Jerry Yang, Yahoo!, and the Organization of the Internet

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Jerry Yang, Yahoo!, and the Organization of the Internet

Our #WeAreImmigrants campaign recognizes the Wild West spirit of tech industry leaders by featuring the story of Jerry Yang, co-founder of Yahoo! Preceding his pioneering achievements in Internet search capabilities, Jerry Yang crossed an ocean, mastered the English language in three years and achieved both his bachelor’s and master’s degrees in four years.

Yang’s Early Life & Adjustment as an Immigrant

Jerry Yang PortraitYang was born in Taipei, Taiwan in 1968 with the name Yang Chih-Yuan. His mother taught English and drama, which helped them in the years that followed. By the time he was two years old, his father had passed away, and in 1978 his mother moved Yang and his brother to San Jose, California. Extended family took care of the young boys while his mother served other immigrants by teaching them English.

When he arrived in the US at the age of 10 the only English word he knew was “shoe”. Kids teasing him just made him work harder, and in three years he’d become fluent in English. He soared academically and graduated high school as valedictorian. In college at Stanford University, Yang earned both his bachelor’s and master’s degrees in electrical engineering in just four years.

Organizing the Internet

Jerry Yang CollegeAt Stanford while working on his Ph.D., Yang and fellow student David Filo found themselves frustrated by the Internet. In those days, the web had no way for users to easily return to their favorite sites. Together they solved the problem—and brought convenience to the entire world—by designing a road map for the Internet. They were pioneers in implementing the concept of searching by key words. With that, “David and Jerry’s Guide to the Web” was born.

In 1994, Yang and Filo began publicizing the list to their friends. As the number of sites on the list grew, they implemented a logical structure of categorizing sites and creating subcategories. Due to the adventurous and pioneering effort nature of the task they were undertaking, Yang and Filo renamed their system Yahoo!

By November 1994, 170,000 visitors a day were using the site. Four years later, in 1998, over 1 million people were visiting Yahoo! per day. Filo and Yang were working nearly 20 hours a day without making a single dollar.

Mike Moritz of Sequoia Capital—the same firm that has financed many other tech start-ups, including Apple, Oracle and Cisco Systems—got involved in Yahoo! and staked $1 million on the business. As a result of the funding they had secured, Yang dropped out of the Stanford Ph.D. program in 1995.

Maturation of the Brand

Filo and Yang’s business cards read “Chief Yahoos”, and with that they staffed their company with school friends. Wisely knowing their own business limitations, they hired Tim Koogle, a former executive from Motorola as president and CEO of Yahoo!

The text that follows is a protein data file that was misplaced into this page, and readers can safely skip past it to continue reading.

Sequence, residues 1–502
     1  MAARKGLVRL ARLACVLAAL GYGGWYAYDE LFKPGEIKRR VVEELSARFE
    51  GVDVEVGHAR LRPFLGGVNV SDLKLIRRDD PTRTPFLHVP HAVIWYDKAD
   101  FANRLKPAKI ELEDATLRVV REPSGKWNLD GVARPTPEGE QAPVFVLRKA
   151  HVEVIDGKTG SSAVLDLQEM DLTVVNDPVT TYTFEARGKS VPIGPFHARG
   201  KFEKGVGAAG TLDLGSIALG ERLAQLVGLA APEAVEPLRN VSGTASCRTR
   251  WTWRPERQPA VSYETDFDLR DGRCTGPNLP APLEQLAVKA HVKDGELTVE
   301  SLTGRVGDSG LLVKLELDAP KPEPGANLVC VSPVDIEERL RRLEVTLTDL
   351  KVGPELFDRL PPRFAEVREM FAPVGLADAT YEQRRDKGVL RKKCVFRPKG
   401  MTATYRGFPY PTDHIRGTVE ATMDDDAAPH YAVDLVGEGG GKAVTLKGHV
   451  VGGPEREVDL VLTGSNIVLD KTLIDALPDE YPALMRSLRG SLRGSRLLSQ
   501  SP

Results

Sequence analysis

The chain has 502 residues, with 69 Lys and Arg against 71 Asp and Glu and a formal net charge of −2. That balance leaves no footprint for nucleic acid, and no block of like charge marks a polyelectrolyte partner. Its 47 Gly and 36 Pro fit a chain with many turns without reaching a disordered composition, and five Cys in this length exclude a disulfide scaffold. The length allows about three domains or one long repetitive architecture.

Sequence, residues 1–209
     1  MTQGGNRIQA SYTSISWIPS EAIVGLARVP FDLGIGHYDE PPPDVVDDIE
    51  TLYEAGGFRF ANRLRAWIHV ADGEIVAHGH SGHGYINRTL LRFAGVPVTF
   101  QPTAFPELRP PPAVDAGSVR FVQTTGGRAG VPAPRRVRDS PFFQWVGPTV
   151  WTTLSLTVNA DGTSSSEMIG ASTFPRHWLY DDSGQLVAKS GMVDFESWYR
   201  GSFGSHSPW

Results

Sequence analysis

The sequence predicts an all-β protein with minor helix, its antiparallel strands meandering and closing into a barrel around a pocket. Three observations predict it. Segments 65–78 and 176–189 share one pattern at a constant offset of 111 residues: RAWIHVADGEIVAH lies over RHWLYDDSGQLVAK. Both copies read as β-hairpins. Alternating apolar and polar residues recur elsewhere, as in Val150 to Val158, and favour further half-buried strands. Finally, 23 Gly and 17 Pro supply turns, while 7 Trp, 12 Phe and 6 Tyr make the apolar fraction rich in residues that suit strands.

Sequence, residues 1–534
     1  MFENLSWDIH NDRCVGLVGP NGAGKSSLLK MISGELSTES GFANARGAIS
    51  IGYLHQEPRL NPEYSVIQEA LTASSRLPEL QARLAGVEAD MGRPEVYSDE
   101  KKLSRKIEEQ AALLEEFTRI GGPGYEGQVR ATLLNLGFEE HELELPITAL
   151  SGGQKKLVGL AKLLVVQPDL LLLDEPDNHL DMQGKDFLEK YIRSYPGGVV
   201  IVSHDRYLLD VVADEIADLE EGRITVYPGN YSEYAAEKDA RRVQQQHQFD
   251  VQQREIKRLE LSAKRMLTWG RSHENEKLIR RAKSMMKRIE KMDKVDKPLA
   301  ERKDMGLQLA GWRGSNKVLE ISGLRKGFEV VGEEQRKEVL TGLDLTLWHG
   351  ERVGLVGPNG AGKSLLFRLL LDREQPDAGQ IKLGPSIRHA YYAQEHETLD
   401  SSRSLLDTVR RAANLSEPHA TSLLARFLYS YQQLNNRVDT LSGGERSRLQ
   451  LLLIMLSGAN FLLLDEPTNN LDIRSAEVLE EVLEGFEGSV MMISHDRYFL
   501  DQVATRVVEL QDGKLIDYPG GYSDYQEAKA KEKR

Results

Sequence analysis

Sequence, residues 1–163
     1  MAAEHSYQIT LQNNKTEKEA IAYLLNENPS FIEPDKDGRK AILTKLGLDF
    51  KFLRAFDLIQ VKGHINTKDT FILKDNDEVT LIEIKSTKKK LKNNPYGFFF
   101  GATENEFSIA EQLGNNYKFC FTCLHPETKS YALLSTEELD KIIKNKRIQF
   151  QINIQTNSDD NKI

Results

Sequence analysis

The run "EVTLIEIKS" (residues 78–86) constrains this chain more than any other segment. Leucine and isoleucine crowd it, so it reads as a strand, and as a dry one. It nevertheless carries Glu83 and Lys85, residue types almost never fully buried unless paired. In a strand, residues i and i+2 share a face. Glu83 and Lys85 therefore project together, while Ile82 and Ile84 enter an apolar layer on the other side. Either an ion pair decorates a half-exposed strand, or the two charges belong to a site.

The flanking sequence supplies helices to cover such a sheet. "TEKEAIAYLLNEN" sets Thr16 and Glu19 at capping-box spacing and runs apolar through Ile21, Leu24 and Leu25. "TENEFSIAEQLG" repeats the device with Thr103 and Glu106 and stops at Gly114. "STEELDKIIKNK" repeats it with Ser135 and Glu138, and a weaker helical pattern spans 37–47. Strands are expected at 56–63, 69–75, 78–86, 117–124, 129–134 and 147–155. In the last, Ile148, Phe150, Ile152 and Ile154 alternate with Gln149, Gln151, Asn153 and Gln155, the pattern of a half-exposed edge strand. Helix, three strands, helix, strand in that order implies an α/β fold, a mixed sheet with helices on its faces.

Yahoo! marked the second-largest first-day gain in the history of the NASDAQ. By the close of business that day Yahoo! was valued at $850 million.  Over the years, major players such as Microsoft, AOL and Prodigy have proposed mergers or acquisition deals to Yang and Filo, but they’ve turned down all of these offers. They were adventure-seekers; it was never about the money.

Consequently, in 1999 MIT’s Technology Review TR100 named Yang one of the world’s top 100 innovators under the age of 35.

Jerry Yang with Madeleine Albright at Yahoo! Headquarters.

Yahoo! Inc. co-founder Jerry Yang, left, and U.S. Secretary of State Madeleine Albright, right, and at Yahoo! headquarters in Santa Clara, Calif., Wednesday, October 6, 1999. (Photo for Yahoo! by Court Mast, Mast Photography Inc., San Francisco)

In 2005, to capitalize on opportunity in China Yang and Yahoo! invested $1 billion in a 40 percent share of Alibaba, the Chinese e-commerce site. Investors know that deal one of the most lucrative bets in Silicon Valley history. Ironically, the stake in Alibaba ultimately lead to the sale of Yahoo! as in 2014 Yahoo! investors realized that the company’s ownership stake in Alibaba itself was far more valuable than Yahoo!, which had been struggling since its failure to jump on the social and mobile tech waves.

Present Day Activities

Yang is currently an active startup investor with his own venture capital firm, AME Cloud Ventures, based in Palo Alto, California. He served as the director of Yahoo! Japan Corporation and Alibaba Group Holding Ltd. until January 2012. He was the director of Cisco System, Inc. from July 2000 to November 2012. Yang currently sits on the board for Lenovo.

Maintaining a loyalty to his alma mater, in 2007 Yang and his wife pledged $75 million to Stanford University for the building of the Jerry Yang and Akiko Yamazaki Environment and Energy Building. He serves on the Stanford University Board of Trustees.

Nisha Katti

About Nisha Katti

Nisha Katti is BlueTone's Marketing Coordinator. She specializes in content writing and social media management, among other activities. Nisha is a native of Atlanta, yet her heart will always lie with the magnificent magnolias of Athens, Georgia, where she attended the University of Georgia’s Grady College of Journalism and Mass Communication.

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